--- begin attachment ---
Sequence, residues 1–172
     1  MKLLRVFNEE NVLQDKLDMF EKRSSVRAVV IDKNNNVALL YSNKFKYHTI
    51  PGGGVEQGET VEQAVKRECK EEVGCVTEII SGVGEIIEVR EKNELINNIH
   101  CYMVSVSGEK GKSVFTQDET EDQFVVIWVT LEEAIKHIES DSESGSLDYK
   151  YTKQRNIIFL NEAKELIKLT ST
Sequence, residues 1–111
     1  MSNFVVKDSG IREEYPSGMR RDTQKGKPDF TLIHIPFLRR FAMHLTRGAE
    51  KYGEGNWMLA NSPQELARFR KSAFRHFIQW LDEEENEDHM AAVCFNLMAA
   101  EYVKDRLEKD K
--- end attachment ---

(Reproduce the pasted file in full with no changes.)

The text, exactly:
Sequence, residues 1–172
     1  MKLLRVFNEE NVLQDKLDMF EKRSSVRAVV IDKNNNVALL YSNKFKYHTI
    51  PGGGVEQGET VEQAVKRECK EEVGCVTEII SGVGEIIEVR EKNELINNIH
   101  CYMVSVSGEK GKSVFTQDET EDQFVVIWVT LEEAIKHIES DSESGSLDYK
   151  YTKQRNIIFL NEAKELIKLT ST
Sequence, residues 1–111
     1  MSNFVVKDSG IREEYPSGMR RDTQKGKPDF TLIHIPFLRR FAMHLTRGAE
    51  KYGEGNWMLA NSPQELARFR KSAFRHFIQW LDEEENEDHM AAVCFNLMAA
   101  EYVKDRLEKD K